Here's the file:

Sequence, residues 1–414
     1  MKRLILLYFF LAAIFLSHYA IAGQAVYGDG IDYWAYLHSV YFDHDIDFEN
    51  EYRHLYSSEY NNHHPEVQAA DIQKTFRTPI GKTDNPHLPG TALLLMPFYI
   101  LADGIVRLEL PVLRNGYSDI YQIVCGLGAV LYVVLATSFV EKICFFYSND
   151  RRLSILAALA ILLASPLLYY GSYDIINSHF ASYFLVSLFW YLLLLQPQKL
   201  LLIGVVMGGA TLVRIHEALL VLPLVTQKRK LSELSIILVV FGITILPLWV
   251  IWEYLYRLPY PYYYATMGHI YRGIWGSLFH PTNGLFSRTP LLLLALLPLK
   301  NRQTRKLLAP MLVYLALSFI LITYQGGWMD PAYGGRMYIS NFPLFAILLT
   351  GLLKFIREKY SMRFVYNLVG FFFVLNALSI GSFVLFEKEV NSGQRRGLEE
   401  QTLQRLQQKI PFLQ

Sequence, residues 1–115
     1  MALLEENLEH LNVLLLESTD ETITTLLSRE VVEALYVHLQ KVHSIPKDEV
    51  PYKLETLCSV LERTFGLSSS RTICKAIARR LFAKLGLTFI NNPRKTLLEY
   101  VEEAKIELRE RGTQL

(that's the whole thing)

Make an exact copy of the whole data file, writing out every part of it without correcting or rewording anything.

Sequence, residues 1–414
     1  MKRLILLYFF LAAIFLSHYA IAGQAVYGDG IDYWAYLHSV YFDHDIDFEN
    51  EYRHLYSSEY NNHHPEVQAA DIQKTFRTPI GKTDNPHLPG TALLLMPFYI
   101  LADGIVRLEL PVLRNGYSDI YQIVCGLGAV LYVVLATSFV EKICFFYSND
   151  RRLSILAALA ILLASPLLYY GSYDIINSHF ASYFLVSLFW YLLLLQPQKL
   201  LLIGVVMGGA TLVRIHEALL VLPLVTQKRK LSELSIILVV FGITILPLWV
   251  IWEYLYRLPY PYYYATMGHI YRGIWGSLFH PTNGLFSRTP LLLLALLPLK
   301  NRQTRKLLAP MLVYLALSFI LITYQGGWMD PAYGGRMYIS NFPLFAILLT
   351  GLLKFIREKY SMRFVYNLVG FFFVLNALSI GSFVLFEKEV NSGQRRGLEE
   401  QTLQRLQQKI PFLQ

Sequence, residues 1–115
     1  MALLEENLEH LNVLLLESTD ETITTLLSRE VVEALYVHLQ KVHSIPKDEV
    51  PYKLETLCSV LERTFGLSSS RTICKAIARR LFAKLGLTFI NNPRKTLLEY
   101  VEEAKIELRE RGTQL